Corelli dedicated several books to her.[a] They lived together until 1924, when Corelli died[2] and in accordance with her will, left everything she owned to Vyver.[28]

One of the great friendships of modern times knit together the hearts and minds of Miss Marie Corelli and Miss Bertha Vyver.... Her own heart was the hearth of her comrade, and thought and love of 'Marie' thrilled through Miss Vyver's veins.... In loneliness of soul, Miss Vyver mourns the loss of one who was nearer and tenderer to her than a sister.... Over the fireplace in the fine, old spacious lounge at Mason Croft, the initials M. C. and B. V. were carven into one symbol. And it was the symbol of life.

— Sidney Walton, in the Yorkshire Evening News following Corelli's death[28]

Vyver continued to maintain the house at Stratford-upon-Avon, as if Corelli were still alive. As literary executor, she published Corelli's Open Confession the year following the author's death.[29] Vyver wrote "Memoirs of Marie Corelli", which was published in 1930.[30] In dwindling health, by 1939, Vyver was weary of maintaining the estate trusts, but was determined to keep it intact as per Corelli's wishes. The war intervened in the trustees taking action until after her death.[31] The two women are buried together in the Evesham Road cemetery, Stratford-upon-Avon.[25]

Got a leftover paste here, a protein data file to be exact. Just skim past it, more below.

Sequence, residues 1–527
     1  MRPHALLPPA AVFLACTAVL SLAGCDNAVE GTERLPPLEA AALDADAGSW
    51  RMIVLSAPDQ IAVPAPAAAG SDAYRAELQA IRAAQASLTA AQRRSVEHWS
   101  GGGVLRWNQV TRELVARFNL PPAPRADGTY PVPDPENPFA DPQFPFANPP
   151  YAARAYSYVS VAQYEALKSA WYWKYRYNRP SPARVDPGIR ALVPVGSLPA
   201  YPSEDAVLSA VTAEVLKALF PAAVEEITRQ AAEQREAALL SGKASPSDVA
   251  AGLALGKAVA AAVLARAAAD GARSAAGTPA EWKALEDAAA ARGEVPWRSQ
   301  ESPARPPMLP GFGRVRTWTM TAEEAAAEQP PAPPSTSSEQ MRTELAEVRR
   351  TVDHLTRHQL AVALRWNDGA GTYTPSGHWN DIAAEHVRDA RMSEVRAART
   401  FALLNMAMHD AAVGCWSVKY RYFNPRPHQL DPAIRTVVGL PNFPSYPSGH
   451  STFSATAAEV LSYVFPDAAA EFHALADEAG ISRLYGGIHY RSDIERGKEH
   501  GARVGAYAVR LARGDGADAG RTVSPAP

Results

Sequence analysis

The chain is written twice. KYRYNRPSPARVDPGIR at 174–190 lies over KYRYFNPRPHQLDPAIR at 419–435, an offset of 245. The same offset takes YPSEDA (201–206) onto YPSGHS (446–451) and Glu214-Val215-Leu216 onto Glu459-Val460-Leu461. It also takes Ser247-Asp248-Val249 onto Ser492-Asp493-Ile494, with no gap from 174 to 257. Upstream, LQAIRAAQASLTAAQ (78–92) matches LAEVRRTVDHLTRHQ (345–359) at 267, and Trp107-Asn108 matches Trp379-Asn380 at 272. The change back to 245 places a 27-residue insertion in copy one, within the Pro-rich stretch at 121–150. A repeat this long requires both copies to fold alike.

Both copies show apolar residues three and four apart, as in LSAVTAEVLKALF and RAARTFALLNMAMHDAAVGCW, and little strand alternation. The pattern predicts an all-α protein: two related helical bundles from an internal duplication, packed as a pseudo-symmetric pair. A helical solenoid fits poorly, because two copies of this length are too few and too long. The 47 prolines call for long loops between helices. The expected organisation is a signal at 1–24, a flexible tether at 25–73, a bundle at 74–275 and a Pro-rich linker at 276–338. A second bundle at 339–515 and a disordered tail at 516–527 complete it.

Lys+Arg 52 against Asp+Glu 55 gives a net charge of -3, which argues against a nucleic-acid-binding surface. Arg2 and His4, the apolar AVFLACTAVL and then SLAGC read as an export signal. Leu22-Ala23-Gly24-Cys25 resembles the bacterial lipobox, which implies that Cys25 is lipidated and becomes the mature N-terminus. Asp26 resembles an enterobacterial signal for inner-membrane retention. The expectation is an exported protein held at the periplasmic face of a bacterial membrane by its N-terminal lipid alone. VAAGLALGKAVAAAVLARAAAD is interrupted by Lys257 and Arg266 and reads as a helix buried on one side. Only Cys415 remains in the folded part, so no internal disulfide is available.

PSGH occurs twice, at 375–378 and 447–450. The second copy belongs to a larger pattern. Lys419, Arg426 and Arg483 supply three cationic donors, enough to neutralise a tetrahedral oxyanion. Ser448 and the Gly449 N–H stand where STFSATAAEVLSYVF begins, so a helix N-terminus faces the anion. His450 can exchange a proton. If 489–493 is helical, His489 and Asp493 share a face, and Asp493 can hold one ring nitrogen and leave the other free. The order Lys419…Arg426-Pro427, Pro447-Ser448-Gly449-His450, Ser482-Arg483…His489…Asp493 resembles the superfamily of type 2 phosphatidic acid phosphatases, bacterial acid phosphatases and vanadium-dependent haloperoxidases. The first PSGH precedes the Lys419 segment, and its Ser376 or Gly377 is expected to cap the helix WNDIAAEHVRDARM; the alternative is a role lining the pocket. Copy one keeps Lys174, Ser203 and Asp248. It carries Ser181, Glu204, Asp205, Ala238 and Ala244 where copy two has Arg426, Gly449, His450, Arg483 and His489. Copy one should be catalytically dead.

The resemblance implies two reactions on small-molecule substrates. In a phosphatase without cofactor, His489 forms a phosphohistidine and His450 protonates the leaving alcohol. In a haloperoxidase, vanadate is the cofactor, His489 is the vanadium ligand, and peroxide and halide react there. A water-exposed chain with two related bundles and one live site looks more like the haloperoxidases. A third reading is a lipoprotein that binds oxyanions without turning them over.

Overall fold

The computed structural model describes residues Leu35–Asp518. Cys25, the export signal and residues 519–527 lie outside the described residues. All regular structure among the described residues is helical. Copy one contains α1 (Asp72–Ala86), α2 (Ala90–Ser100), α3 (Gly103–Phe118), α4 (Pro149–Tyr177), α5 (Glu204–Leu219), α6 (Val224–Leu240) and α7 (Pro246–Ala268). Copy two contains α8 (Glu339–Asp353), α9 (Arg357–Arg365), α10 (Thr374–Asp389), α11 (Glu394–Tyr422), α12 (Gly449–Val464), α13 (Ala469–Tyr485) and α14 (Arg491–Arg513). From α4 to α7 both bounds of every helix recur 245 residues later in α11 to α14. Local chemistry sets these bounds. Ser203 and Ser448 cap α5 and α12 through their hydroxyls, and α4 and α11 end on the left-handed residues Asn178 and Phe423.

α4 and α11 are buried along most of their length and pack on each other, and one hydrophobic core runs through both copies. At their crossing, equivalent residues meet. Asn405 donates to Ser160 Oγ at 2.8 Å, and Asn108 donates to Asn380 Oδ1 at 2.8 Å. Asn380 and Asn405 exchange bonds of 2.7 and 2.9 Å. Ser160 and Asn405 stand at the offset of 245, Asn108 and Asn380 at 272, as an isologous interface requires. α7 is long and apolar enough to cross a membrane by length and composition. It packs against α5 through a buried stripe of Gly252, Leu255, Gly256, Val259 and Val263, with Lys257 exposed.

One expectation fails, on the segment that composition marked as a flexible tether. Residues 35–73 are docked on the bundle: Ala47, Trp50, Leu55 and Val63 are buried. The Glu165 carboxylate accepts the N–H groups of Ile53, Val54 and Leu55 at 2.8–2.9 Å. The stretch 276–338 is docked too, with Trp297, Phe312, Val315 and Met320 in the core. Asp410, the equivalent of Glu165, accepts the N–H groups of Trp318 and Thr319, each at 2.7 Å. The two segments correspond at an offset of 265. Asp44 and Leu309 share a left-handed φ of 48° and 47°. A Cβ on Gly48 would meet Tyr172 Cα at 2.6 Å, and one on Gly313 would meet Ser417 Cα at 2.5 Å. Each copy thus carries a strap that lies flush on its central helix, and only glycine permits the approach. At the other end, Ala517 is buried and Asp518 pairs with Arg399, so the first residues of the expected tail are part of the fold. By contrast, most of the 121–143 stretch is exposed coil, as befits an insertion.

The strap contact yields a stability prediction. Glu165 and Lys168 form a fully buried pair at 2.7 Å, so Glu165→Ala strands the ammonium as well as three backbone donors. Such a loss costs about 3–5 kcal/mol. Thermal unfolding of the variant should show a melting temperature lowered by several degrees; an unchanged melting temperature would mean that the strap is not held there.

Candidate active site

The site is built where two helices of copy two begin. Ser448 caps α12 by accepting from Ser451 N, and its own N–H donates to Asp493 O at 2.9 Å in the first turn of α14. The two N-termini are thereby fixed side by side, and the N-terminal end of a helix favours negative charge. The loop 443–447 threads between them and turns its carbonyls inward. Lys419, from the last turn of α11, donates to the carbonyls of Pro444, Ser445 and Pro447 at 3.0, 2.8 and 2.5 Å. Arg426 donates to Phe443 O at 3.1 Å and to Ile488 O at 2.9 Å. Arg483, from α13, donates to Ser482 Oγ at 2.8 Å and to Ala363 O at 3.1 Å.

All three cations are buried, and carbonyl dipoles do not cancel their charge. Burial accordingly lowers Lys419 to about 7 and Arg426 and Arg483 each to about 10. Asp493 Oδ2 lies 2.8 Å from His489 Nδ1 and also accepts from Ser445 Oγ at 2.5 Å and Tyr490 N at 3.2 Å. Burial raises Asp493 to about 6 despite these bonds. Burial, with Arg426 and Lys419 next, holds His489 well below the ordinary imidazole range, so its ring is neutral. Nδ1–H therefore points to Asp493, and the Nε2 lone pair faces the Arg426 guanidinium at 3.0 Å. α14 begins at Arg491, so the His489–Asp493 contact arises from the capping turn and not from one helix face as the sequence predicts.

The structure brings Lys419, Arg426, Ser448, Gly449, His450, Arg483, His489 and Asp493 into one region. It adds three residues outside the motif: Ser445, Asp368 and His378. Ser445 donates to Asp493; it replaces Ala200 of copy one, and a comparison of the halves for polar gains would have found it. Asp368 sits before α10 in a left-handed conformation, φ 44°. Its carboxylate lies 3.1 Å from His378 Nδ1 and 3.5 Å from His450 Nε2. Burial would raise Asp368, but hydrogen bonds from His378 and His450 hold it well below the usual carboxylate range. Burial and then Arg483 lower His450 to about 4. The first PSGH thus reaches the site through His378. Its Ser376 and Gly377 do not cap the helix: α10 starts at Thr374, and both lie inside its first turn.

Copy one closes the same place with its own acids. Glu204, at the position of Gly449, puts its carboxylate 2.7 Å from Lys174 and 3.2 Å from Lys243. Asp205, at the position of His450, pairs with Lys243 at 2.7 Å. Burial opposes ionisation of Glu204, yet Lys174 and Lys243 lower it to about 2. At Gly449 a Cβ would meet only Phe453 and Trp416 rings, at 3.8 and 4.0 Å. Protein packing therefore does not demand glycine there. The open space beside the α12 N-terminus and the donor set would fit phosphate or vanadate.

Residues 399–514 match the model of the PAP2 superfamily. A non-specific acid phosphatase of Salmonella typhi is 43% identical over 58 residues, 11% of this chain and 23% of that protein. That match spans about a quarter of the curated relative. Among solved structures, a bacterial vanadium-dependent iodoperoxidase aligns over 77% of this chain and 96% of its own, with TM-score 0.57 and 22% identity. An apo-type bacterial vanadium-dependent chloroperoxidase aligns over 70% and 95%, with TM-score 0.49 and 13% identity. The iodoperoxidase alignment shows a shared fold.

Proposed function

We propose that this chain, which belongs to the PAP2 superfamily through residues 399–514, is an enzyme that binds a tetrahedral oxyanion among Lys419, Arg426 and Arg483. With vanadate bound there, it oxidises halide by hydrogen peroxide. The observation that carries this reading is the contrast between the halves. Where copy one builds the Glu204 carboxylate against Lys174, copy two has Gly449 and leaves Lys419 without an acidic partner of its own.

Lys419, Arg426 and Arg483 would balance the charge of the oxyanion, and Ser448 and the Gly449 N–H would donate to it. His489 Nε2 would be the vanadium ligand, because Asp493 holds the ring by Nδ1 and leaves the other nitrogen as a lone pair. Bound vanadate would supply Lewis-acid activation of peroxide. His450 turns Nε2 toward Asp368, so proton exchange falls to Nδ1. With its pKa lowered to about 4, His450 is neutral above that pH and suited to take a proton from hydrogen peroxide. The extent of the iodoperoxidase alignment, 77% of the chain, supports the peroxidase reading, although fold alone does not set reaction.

Evesham Road Cemetery, Stratford upon Avon

"Boy" by Corelli has the dedication "To my dearest friend in the world Bertha Vyver who has known all my life from childhood and has been the witness of all my literary work from its very beginning this simply story is gratefully and lovingly dedicated." "Thelma" (1887) was also dedicated "To my dearest friend, Bertha Vyver, in recognition of her sweet companionship, tender sympathy, and most faithful love".[27]

My published books:

See my published books